June 21, 2016


The topic of our Sunday school lesson was redemption and the presenter used the story of Hosea (prophet) and Gomer (prostitute) as an example of redemption. By marrying the prostitute Hosea redeemed her; however, after bearing him children, Gomer went back to her profession. Hosea once again redeemed Gomer by purchasing her out of slavery. It strikes me that Gomer had a lucrative career in prostitution, was apparently able to feed and clothe herself, and felt she could take care of herself. It’s no wonder that evangelism is so difficult…we’re often witnessing to people who are so self-sufficient that they don’t even know they need to be redeemed.

1 comment:

Steve Corey said...


-----My Dad’s mom always said something that ran chills down my back. I am really sure you’ve heard it, too. “A place for everything, and everything in its place.” That’s so NAZI-like. That’s so meaningless, tiny cog in a giant uncaring machine like! And such accusations are from the world's hatred of righteousness. Righteousness is everything in its place. In a world where chaos and order mixes by nature, righteousness does seem NAZI-like, until we desire with all our hearts that every cell of our immune systems work like a relentlessly driving, crushing, machine against the cancer, the MS, the ALS, and the countless other maladies which destroy the comfort of life and try to destroy the joy of it, too. We all want the immune system working righteously, don’t we?
-----Its working righteously means even it has its place. Most species of bacteria in our bodies not only are good for us, some are critical to our health. A certain bacterium in the intestines of infants releases toxins which destroy other bacteria that would make the child badly sick. Our digestive system can not break down many plant molecules. But there’s a bacterium living in our digestive track which can, and does. (In some people, this bacterium gets out of control and goes to their heads, thinking the brain to be a giant mushroom, where its picky gobbling will turn them into vegetarians.) And dare I mention the dreadful e-coli which inhabits our intestinal tract? It synthesizes vitamin-K. Vitamin K enables our blood clotting mechanism to function properly. That’s kind of important. E-coli can also make your bathroom duty quite stinky. So the next time you’ve about stunk yourself off the pot, just be thankful the blood in your legs isn’t clotting.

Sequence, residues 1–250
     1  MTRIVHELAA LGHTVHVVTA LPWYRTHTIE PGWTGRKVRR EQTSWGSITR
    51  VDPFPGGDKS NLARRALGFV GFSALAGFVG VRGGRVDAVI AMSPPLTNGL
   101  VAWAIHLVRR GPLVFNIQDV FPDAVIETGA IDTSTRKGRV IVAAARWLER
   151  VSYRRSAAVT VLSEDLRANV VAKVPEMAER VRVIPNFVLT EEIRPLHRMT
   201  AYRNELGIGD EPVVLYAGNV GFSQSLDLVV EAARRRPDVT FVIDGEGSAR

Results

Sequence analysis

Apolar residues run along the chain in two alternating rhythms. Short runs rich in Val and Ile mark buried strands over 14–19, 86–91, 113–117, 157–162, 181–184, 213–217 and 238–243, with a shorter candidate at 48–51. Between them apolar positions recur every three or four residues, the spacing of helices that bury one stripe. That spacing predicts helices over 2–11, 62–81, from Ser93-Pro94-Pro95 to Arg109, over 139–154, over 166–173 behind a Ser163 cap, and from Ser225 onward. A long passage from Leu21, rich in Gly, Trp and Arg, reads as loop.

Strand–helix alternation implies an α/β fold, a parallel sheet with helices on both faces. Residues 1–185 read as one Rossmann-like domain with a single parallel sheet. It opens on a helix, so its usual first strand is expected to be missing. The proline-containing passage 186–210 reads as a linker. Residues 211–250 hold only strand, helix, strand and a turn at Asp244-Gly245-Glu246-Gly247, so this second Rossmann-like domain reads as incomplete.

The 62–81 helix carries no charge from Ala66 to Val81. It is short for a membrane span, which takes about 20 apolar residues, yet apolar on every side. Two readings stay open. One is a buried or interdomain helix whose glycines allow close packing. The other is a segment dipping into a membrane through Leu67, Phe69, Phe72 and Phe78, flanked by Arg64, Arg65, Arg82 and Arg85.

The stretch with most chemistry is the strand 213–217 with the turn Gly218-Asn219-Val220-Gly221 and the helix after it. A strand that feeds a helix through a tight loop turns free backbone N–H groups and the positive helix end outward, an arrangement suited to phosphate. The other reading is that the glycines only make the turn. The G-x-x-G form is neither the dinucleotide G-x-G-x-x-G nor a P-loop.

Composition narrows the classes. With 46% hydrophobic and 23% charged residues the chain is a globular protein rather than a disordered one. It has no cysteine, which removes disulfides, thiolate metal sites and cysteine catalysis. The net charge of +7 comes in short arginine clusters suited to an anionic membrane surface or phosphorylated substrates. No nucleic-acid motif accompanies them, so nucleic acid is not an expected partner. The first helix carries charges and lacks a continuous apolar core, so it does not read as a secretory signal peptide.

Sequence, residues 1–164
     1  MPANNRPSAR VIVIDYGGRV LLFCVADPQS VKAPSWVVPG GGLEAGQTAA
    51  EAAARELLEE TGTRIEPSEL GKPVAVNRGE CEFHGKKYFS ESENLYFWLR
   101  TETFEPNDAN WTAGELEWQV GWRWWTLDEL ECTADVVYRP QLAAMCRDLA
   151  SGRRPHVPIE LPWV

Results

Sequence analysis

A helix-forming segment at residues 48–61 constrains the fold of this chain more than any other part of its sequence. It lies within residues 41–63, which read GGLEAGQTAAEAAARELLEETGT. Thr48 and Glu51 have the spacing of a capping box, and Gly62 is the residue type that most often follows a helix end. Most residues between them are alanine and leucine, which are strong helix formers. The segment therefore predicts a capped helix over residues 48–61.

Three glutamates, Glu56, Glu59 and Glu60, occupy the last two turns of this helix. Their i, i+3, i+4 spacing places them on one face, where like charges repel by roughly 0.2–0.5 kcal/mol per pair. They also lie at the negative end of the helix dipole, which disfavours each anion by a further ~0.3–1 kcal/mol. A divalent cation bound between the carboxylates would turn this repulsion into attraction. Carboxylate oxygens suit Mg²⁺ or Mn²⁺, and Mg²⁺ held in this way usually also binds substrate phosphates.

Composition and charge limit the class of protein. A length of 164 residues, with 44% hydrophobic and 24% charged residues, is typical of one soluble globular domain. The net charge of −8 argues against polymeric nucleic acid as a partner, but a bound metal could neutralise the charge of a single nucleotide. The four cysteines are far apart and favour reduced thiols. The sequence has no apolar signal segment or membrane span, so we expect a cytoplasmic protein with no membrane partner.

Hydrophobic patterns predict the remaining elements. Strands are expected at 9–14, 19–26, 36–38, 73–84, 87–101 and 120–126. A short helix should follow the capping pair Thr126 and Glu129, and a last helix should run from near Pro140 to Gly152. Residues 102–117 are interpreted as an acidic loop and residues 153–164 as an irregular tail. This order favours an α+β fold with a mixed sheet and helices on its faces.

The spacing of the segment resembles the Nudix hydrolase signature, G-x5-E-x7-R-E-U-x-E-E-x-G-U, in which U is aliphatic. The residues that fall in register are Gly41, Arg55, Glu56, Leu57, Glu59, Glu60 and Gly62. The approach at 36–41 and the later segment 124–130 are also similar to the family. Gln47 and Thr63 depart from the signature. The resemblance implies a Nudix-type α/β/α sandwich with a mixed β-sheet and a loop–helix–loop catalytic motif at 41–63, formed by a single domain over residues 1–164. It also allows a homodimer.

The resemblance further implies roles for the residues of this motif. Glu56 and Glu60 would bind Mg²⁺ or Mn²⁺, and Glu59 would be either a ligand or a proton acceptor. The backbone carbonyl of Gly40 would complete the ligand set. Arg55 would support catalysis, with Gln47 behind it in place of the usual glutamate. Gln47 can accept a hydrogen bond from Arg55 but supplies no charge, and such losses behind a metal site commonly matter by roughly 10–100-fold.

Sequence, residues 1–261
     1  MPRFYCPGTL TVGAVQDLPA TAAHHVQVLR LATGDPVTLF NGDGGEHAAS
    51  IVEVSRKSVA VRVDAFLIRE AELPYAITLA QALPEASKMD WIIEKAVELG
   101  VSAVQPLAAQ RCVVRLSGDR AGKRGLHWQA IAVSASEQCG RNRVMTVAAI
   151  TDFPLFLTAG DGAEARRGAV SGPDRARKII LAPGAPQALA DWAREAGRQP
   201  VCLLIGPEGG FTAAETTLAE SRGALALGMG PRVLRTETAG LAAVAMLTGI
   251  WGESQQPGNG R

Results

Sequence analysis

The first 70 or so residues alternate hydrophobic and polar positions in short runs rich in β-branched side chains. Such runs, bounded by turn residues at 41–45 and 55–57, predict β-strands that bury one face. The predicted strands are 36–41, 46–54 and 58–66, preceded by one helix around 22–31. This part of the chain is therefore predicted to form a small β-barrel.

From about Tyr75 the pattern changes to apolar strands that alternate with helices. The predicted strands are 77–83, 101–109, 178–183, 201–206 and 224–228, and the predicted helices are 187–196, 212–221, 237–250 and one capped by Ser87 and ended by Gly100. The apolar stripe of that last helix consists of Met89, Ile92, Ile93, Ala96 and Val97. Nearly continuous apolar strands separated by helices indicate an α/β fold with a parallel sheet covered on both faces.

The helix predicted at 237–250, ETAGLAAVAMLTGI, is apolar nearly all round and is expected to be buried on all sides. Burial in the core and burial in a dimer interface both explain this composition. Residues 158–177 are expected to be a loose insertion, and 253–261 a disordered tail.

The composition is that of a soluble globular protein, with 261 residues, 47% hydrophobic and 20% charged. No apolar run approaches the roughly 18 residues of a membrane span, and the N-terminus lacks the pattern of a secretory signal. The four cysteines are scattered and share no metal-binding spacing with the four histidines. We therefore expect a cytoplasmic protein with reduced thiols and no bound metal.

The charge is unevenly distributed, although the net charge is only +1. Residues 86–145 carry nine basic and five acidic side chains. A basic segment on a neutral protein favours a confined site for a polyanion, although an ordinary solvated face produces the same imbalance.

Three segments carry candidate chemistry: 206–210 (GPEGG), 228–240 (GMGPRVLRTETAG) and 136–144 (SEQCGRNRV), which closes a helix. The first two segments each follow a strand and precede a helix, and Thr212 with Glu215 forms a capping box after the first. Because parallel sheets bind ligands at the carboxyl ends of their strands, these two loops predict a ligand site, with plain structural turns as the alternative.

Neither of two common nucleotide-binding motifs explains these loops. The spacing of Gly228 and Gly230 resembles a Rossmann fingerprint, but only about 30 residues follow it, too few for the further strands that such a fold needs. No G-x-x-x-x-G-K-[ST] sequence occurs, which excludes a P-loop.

-----An immune system which did not both have its place and stay in its place would clean us out of all these little, beneficial bugs. I guess we would never have gotten past the infant stage. Which means, of course, nobody ever would have reached maturity to have children. Which means two things: 1) no reproduction would mean no human race, and 2) no reproduction would mean no natural selection. Funny how evolution has had to create some critical functions without which a species could not exist so the species could exist long enough for the pressures of natural selection to evolve those critical functions. Smart people, whose brains have not been gobbled upon by plant loving bacteria, call such systems “irreducible complexity”, which is to say “It’s all or nothing, right now, baby!” Irreducible complexity puts evolution in its place..
-----Self-sufficiency also has its place to serve rather than to destroy. “Keep your heart with all vigilance…” (Prov 4:23) does not mean, “Allow the Lord to keep your heart with all His vigilance.” It means you keep; it means you be vigilant. The sluggard will find nothing to harvest if he was not self-sufficient enough to plough in the autumn (Prov 20:4.) Self-control is a function very much at the root of self-sufficiency, not only making the individual self-sufficient in those things the Lord expects, but also in maintaining a guardrail against self-sufficiency in those things which are the Lord’s place for doing.

Love you all,
Steve Corey